17 February 2019
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Oil market highlights: Prices extend gains despite weaker economic signals

Rising oil prices and weaker economic growth are a volatile combination.

By Edward Bell

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Both Brent and WTI futures extended their year-to-date gains last week and hit new high closes for the year. Brent added 6.7% last week to end at USD 66.25/b while WTI was up more than 5% to finish at USD 55.59/b. Risk assets generally performed well as markets expect an extension of the deadline on US-China trade talks, helping shore up sentiment amidst otherwise soft economic data. Several Fed officials have also indicated they are looking at fewer rate hikes this year than the central bank had projected earlier. A softer trajectory for the dollar will also help support crude prices near term.

The rally in oil markets was particularly striking as all the major forecasting agencies pointed to softening fundamentals in their latest market reports. OPEC cut its forecast for the call on its own members’ crude to 30.57m b/d thanks to higher output forecasts for non-OPEC supply growth (expecting growth of 2.18m b/d this year). The EIA revised its 2019 US supply forecast up sharply to 1.46m b/d from 1.14m b/d previously and also brought forward the date it expects the US to pass over 13m b/d of production to Q1 2020. Finally the IEA left its own demand forecasts unchanged while revising upward its non-OPEC supply forecast. Taken together, all the agencies pointed to a tight market for heavy, sour crude in H1 thanks to OPEC cuts and sanctions on PDVSA but none of them project a very positive outlook for other oil market indicators. Few economies are posting economic data outperformance and the US is now starting to show more signs of softening growth. Rising oil prices along with weaker economic growth is a trend with a short life expectancy that could unwind viciously in the oil market.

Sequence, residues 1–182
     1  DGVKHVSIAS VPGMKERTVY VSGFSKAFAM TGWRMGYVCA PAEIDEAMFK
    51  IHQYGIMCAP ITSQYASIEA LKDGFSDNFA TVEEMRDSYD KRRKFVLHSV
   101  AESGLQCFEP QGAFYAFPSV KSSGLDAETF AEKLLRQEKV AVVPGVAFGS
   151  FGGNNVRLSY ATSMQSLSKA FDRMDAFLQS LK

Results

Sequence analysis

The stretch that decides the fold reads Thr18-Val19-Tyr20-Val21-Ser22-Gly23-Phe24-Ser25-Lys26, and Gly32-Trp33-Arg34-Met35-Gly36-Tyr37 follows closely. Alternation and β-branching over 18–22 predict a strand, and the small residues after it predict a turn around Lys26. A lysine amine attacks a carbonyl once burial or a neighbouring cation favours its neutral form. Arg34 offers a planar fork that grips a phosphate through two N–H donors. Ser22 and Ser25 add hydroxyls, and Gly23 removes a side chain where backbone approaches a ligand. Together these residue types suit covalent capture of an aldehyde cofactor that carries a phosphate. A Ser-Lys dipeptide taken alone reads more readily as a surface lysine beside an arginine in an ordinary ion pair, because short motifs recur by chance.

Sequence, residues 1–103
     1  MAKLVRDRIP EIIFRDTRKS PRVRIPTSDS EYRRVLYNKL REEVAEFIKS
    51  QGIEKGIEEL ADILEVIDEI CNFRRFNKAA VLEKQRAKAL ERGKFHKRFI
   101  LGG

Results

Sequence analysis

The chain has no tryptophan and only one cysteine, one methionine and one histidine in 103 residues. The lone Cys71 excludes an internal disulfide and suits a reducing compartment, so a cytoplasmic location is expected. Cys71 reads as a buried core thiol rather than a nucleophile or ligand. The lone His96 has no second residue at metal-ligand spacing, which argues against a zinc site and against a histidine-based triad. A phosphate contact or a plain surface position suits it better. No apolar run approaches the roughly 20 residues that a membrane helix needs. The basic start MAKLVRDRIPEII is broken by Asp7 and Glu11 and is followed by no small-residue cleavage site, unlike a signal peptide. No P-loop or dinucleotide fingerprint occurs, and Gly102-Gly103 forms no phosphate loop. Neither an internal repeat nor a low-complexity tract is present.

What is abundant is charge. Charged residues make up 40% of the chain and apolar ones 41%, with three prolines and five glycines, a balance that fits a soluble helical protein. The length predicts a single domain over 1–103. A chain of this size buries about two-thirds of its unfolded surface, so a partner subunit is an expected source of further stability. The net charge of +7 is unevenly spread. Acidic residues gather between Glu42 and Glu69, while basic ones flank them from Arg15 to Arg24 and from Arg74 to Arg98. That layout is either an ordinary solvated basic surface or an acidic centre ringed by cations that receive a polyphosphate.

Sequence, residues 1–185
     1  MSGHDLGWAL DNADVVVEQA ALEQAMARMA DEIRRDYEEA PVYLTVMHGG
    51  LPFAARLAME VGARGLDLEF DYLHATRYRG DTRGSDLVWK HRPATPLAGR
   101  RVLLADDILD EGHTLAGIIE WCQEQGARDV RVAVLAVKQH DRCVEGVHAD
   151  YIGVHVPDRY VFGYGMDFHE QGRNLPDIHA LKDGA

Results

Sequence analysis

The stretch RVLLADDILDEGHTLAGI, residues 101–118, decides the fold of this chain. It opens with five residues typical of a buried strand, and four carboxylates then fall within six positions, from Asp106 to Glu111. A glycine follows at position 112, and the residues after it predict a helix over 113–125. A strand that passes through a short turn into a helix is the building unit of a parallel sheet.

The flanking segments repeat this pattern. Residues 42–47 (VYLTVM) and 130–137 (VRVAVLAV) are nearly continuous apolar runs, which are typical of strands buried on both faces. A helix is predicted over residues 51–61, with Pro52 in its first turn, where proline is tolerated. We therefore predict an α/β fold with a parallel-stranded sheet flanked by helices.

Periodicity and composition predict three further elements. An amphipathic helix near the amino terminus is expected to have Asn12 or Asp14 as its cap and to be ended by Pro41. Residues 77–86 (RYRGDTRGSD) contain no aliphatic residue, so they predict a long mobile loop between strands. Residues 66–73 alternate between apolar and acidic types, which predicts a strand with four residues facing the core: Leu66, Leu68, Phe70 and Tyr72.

Brent time spreads, relatively more influenced by OPEC issues than WTI, tightened last week into a more consistent backwardation in the first two years of the curve. Dec spreads for 19/20 closed last week at over USD 1.5/b, more than doubling their level at the start of the week. Long-dated WTI spreads have also been tightening but at the front end of the curve, the glut of US oil is still weighing on spreads: a contango is still in play for the first nine months of the curve.

US exploration and development companies added another three rigs last week despite current WTI prices coming in close to break-even levels for many producers. Prices for Mars, a heavy grade of US crude from the Gulf of Mexico, remain elevated thanks to the relative tightness of heavy, sour crudes.

The gain in crude prices is providing little relief to refiners as margins continue to hover near year lows. A large weekly build in Singapore fuel oil and light distillate stocks helped push inventories there to their highest level since September 2017. Stocks in north-west Europe also edged higher while US crude stocks hit their highest level in the past year.

Oil prices extend year-to-date gains

Source: EIKON, Emirates NBD Research.

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Written By

Edward Bell Head of Market Economics


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